The foraging activity of this species is controlled by their response to environmental factors notably temperature and humidity. The ants prefer to forage in high humidity and moderate temperatures. When the humidity falls and the temperature rises significantly, they will cease foraging. In the tropics, they forage more intensively at night and early morning. During the middle of the day when it is very hot and the humidity is low, they return to their nest.
Alates can be present year-round, but in most instances, initiation of the main alate brood follows the beginning of the wet season. This is also when available food becomes more frequently available and easier to find. Newly mated queens will frequently re-enter their original nest boosting the potential for population growth and when conditions are favourable, they will very quickly form vast supercolonies.
This species naturally spreads and colonizes new areas through ‘budding’ - when mated queens and workers leave the mother nest to establish a new one. Generally, colonies that disperse this way have a lower rate of dispersal, however, in this species, the newly mated queens are also capable of independent colony foundation. Alate queens can fly, and queens and males have been collected by light traps. If queens are isolated, they are capable of raising a brood on their own. Hence this species is capable of both independent and dependent colony foundation.
This is a species that easily becomes established and dominant in new habitat due to traits such as its aggression toward other ant species, especially when defending resources, efficient fast recruitment, ability to utilize a wide range of food sources, and large colony size. In a normal ant population, there is one queen with all of her adept followers. These colonies almost always fight with their neighbours, and in doing so, they keep each other under control. Rather than establishing several competitive nests with individual queens (as the majority of other ant species do), yellow crazy ants establish super colonies consisting of large interconnected nests containing multiple queens. By cooperating, they can successfully outnumber and displace other species, thereby dominating food and nesting resources.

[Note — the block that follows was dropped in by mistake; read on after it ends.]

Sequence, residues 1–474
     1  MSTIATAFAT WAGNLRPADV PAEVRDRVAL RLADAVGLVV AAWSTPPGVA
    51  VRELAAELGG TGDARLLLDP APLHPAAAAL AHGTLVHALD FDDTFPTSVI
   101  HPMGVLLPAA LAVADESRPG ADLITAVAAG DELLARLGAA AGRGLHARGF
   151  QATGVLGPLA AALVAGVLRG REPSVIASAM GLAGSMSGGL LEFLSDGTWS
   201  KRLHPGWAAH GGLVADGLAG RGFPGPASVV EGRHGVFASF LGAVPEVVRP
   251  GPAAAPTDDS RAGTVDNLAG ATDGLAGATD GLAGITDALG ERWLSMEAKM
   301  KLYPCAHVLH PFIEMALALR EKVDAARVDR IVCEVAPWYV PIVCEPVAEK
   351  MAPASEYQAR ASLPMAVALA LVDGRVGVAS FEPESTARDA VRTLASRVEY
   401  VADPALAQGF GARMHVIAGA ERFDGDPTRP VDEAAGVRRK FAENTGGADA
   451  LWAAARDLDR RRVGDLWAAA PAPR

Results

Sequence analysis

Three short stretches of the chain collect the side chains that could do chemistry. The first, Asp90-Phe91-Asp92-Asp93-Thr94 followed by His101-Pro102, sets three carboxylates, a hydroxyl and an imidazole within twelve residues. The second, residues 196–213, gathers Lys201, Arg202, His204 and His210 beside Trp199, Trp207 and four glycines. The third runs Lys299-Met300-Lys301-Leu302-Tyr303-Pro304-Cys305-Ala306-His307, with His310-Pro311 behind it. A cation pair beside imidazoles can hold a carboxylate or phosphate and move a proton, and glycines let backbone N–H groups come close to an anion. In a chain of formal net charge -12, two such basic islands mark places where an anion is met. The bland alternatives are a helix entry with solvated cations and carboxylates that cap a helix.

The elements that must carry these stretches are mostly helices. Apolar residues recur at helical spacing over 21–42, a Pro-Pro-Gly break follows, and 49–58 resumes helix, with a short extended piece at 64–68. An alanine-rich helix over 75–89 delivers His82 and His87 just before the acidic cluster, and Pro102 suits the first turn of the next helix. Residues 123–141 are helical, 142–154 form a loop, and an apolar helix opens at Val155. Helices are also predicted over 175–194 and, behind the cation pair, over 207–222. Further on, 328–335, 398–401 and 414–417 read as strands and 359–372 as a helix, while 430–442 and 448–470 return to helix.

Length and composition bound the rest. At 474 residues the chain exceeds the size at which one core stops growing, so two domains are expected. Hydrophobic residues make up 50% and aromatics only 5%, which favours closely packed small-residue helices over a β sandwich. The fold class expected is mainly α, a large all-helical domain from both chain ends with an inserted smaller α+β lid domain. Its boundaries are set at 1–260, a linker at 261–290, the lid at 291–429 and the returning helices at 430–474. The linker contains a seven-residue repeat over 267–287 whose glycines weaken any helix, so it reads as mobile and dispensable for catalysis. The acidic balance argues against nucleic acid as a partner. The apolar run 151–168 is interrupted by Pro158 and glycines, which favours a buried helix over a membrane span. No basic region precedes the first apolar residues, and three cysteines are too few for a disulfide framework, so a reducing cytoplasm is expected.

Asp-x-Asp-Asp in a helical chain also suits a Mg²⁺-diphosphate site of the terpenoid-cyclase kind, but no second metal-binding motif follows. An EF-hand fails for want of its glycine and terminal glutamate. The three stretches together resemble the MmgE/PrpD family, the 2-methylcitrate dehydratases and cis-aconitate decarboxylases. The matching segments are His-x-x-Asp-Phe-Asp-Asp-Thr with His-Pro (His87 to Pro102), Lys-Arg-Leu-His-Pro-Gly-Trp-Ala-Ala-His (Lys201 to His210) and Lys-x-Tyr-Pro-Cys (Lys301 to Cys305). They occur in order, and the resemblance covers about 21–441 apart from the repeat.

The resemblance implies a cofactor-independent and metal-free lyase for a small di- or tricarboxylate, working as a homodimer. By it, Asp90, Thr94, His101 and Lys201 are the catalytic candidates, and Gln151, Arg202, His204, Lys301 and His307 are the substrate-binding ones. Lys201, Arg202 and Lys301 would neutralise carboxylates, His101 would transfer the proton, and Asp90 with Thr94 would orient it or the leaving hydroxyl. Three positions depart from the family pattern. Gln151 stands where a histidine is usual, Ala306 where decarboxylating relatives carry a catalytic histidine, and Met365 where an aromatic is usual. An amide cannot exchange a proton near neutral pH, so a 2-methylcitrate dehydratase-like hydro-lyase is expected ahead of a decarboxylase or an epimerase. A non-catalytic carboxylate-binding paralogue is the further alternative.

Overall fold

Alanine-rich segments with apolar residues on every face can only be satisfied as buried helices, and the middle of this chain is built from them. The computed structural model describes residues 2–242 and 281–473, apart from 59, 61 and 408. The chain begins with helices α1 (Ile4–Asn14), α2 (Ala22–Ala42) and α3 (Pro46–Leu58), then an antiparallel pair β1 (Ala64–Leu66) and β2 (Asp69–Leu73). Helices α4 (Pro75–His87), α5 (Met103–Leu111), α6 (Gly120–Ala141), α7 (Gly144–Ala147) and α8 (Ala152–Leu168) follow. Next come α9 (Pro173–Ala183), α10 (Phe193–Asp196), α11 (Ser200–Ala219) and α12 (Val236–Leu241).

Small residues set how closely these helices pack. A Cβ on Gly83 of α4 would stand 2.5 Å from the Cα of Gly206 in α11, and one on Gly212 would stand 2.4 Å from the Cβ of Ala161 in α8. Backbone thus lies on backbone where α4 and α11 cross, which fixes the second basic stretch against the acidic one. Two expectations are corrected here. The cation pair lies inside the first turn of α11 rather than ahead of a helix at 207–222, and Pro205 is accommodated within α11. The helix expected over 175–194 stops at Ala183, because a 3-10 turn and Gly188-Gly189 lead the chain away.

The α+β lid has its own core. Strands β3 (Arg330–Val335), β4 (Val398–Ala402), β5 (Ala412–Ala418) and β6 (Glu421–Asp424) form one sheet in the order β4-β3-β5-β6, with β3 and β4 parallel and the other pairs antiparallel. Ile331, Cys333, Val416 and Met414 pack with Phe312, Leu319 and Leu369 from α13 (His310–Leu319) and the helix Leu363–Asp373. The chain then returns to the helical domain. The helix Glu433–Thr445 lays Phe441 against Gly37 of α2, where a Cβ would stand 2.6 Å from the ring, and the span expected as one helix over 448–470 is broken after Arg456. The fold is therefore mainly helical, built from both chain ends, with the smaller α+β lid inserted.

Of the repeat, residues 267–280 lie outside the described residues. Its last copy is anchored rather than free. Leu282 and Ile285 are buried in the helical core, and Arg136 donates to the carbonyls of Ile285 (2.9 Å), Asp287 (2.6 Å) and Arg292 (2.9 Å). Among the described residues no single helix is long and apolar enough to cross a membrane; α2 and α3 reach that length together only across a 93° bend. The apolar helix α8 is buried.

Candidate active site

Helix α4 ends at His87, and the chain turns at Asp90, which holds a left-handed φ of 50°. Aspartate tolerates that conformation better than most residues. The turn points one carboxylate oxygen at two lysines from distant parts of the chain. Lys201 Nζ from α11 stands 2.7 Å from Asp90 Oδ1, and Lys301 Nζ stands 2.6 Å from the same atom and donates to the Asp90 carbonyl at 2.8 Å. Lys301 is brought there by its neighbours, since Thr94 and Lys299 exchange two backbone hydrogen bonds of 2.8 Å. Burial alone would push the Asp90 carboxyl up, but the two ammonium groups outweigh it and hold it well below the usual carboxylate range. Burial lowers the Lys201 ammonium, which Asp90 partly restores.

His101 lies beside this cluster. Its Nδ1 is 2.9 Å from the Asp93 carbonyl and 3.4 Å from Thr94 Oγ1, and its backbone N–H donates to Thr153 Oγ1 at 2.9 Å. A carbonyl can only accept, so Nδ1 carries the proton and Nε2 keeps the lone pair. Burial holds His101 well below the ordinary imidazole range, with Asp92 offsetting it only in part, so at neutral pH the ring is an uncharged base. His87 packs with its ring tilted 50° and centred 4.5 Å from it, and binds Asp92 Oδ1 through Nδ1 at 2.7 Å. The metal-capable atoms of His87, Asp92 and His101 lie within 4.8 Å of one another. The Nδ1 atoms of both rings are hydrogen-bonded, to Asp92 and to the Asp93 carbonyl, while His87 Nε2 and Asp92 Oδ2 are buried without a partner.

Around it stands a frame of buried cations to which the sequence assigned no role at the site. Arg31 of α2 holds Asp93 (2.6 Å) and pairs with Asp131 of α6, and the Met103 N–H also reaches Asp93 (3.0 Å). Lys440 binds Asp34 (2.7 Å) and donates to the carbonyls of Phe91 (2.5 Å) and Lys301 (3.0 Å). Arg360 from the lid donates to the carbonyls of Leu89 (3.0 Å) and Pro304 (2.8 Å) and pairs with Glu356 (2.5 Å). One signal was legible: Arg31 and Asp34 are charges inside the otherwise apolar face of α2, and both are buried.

When involved in a battle with another ant species, A. gracilipes will curve its abdomen up toward the head of its attacker and spray a defensive substance from poison glands located in the abdomen. This secretion is highly toxic to other ants and is a very effective defence. What these ants do to dominate a new habitat is to create interlinked super colonies; these can contain more than 1000 queens and hundreds of thousands of workers. When colonizing new habitats, the colony will spread out and establish new subcolonies in any available conducive space. In Seychelles, it has been recorded that established colonies of A. gracilipes will increase their range by as much as 400 m a year. Another survey on Christmas Island yielded an average spreading speed of three meters a day, the equivalent of one kilometre a year.
They are very adaptable to temperature and humidity and at an optimum temp of around 26°C the newly laid eggs will hatch into larvae after 12 – 15 days, and the larvae will mature and pupate after only 7 - 10 days. The new workers emerge from the pupae after another 11 - 15 days, giving a complete brood maturity cycle of between 30 - 40 days.
Summary: They are a good-sized attractively coloured ant, easy to keep and will adapt to most types of artificial nests. They can have multiple queens in a colony, will take a wide range of food and breed quickly. Recommended for beginners to exotics.